A Renewable Energy Village has taken root in farmland contaminated by radiation fallout from Japan's Fukushima Daiichi nuclear plant disaster. The project's vision of combining solar panels with growing crops aims to inspire Japanese farmers to reclaim their abandoned livelihoods.
The community-run project in the city of Minamisoma already has 120 solar panels generating 30 kilowatts of power, according to New Scientist. It features the idea of "solar sharing" by growing crops beneath raised solar panels—a concept that could help farming communities restart agriculture in the wake of the Fukushima disaster and earn additional profits from selling renewable energy to local utilities. (About two thirds of Minamisoma's farmland lies within the nuclear evacuation zone surrounding Fukushima's nuclear plant.)
Wind turbines could also eventually appear at the Renewable Energy Village, if planners can get additional funding beyond the Japanese government's feed-in tariffs supporting the project.
Some of the first crops being grown by the project include rapeseed, a hardy, mustard-type plant with seeds that can be processed for machine lubricants or cooking oils. Belarusian scientists have found that rapeseed plants can absorb radionuclides such as cesium-137 and strontium-90 into their stalks and seed coverings while keeping their seeds uncontaminated.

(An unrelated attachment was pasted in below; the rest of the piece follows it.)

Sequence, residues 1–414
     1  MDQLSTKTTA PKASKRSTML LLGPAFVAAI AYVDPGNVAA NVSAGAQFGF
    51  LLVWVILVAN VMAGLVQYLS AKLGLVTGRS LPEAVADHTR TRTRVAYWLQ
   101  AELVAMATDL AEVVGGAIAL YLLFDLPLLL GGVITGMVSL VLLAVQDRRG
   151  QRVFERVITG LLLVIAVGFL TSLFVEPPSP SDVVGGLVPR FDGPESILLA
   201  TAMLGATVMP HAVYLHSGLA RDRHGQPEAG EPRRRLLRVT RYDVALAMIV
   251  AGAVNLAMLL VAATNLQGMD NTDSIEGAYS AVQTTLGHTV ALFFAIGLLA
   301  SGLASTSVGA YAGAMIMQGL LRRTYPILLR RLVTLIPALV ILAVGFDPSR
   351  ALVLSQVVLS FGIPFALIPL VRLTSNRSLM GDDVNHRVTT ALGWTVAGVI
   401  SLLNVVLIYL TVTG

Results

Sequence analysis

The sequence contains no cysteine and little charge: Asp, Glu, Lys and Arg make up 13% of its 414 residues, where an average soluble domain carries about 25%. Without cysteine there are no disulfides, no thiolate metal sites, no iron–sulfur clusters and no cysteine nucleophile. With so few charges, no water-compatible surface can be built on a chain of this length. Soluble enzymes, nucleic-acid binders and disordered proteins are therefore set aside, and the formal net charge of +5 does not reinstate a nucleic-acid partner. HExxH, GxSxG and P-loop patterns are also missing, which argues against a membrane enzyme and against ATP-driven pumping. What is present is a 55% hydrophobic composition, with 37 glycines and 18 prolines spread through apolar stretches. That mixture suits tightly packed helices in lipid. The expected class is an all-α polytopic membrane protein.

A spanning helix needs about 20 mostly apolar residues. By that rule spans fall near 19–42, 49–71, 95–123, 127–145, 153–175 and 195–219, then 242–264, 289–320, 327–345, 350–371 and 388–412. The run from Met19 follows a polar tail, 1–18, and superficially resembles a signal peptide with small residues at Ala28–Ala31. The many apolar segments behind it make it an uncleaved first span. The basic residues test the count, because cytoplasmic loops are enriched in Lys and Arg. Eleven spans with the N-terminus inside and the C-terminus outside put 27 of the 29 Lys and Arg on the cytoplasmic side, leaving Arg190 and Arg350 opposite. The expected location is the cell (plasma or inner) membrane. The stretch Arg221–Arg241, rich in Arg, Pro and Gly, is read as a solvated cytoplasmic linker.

The Renewable Energy Village could also help the Fukushima prefecture achieve its ambitious goal of converting to 100 percent renewable energy by 2040. Local leaders have already planned to locate what could be Japan's largest solar park in Minamisoma. But the Renewable Energy Village's use of raised solar panels aims to prevent large-scale, renewable energy ventures such as solar parks from completely eliminating small farming communities.
Other renewable energy efforts in the Fukushima prefecture include an experimental floating wind turbine off the coast. That project could pave the way for a huge wind farm with a one-gigawatt capacity aimed at tapping into offshore wind power.
Fukushima's local leaders may be committed to creating a renewable energy future, but Japan as a nation won't wean itself off conventional power sources anytime soon. Japan's government has steadily pushed to restart nuclear reactors that have idled in the wake of the Fukushima Daiichi plant's meltdowns. And many experts say that renewable energy projects will remain a small part of Japan's power production over the next 20 years.
Photo: Kyodo / AP Photo
Jeremy Hsu has been working as a science and technology journalist in New York City since 2008. He has written on subjects as diverse as supercomputing and wearable electronics for IEEE Spectrum. When he’s not trying to wrap his head around the latest quantum computing news for Spectrum, he also contributes to a variety of publications such as Scientific American, Discover, Popular Science, and others. He is a graduate of New York University’s Science, Health & Environmental Reporting Program.